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Dr Allison J FulfordB.Sc.(C.N.A.A.), Ph.D.(Nott.)

Senior Teaching Fellow

Allison Fulford

Dr Allison J FulfordB.Sc.(C.N.A.A.), Ph.D.(Nott.)

Senior Teaching Fellow

Member of

Research interests

My research interests lie with the body's response to stress. I study features of the hypothalamo-pituitary-adrenal axis (HPA, or stress axis), the major point of interaction between the endocrine and nervous systems and of critical importance in mediating the stress response.

A large part of my work concentrates on how the stress response changes during development. For instance, studies are underway into the role of monamines released in the central nervous system. Monomines, a class of neurotransmitter that includes catecholamines (adrenaline, noradrenaline, and dopamine) and serotonin, have been implicated in a variety of mood disorders and hence characterising their properties and action in the brain will allow for greater understanding of conditions such as bipolar disorder and depression.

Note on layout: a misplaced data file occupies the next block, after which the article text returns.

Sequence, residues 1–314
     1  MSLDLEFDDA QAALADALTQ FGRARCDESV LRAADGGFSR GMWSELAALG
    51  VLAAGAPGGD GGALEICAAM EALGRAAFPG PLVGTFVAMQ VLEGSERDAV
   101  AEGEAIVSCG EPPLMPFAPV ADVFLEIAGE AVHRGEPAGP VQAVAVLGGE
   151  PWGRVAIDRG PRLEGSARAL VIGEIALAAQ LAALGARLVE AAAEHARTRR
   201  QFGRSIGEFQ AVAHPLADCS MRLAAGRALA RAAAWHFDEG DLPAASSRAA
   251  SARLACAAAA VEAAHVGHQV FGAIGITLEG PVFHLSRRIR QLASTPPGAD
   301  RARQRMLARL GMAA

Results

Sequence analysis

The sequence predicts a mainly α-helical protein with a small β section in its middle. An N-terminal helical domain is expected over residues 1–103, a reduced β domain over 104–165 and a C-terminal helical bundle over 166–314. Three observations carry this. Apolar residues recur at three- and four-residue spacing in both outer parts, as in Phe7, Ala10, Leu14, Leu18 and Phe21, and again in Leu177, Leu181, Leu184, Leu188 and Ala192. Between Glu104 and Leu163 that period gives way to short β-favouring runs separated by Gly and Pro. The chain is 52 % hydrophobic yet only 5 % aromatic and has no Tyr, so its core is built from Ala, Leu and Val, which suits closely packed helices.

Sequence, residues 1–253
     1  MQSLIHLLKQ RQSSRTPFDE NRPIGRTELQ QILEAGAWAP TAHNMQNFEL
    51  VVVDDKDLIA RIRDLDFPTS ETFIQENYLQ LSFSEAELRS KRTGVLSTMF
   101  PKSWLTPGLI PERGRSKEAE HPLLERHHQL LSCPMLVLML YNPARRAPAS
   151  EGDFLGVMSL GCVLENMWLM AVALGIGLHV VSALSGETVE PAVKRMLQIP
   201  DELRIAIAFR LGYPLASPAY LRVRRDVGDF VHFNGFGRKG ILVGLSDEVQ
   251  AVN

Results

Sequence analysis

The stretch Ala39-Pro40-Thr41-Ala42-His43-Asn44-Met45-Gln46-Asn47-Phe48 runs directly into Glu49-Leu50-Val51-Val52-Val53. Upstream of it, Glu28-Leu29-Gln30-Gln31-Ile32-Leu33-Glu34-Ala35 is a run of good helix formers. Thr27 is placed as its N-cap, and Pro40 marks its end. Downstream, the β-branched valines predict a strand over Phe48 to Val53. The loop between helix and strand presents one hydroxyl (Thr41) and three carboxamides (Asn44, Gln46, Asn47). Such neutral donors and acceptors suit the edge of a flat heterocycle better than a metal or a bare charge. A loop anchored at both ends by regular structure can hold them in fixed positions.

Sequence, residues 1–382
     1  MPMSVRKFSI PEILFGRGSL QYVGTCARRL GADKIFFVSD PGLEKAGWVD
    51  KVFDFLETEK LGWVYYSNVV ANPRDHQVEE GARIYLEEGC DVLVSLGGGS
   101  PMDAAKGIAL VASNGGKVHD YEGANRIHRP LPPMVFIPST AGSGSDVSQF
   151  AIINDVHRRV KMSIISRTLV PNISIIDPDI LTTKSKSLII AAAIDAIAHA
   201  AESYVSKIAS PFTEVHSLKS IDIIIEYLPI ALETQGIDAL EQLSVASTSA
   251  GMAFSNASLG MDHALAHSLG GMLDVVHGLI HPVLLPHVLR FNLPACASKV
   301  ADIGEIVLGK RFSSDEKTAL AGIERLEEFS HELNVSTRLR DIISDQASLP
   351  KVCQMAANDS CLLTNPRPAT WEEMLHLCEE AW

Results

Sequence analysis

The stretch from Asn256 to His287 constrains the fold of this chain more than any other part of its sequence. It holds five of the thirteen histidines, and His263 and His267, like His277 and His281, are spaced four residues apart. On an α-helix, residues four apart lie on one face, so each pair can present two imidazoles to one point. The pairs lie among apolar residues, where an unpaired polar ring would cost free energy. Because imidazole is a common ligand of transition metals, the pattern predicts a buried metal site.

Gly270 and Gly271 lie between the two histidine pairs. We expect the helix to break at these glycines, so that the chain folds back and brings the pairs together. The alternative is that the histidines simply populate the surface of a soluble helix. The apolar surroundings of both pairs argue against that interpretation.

Further work is addressing the part played by nociceptin in the HPA axis. Nociceptin is a peptide that stimulates the opioid receptor ORL1. It appears to be important in pain, as it has been found to produce hyperalgesia when applied supraspinally but analgesia at the spinal level. With respect to the HPA axis, nociceptin can reverse stress-induced analgesia. Understanding how nociceptin modulates the stress response could therefore have relevance for effective pain management.

There is extensive crosstalk between the nervous and immune systems. Peptide neurotransmitters produced by nerve cells, e.g. adrenocorticotropin (ACTH), have been found to also be present in peripheral immune cells, along with their RNA and corresponding membrane receptors. I am working with Mick Harbuz and David Jessop of the URCN to further elucidate the actions of these neuroimmunopeptides in the HPA axis.



BSc Anatomical Science II (Unit Organiser), BSc Anatomical Science III/Neuroscience III 'Neuroendocrine regulation and stress' (Element Organiser)

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Postal address:
Dept of Anatomy
School of Medical Sciences
Southwell Street
United Kingdom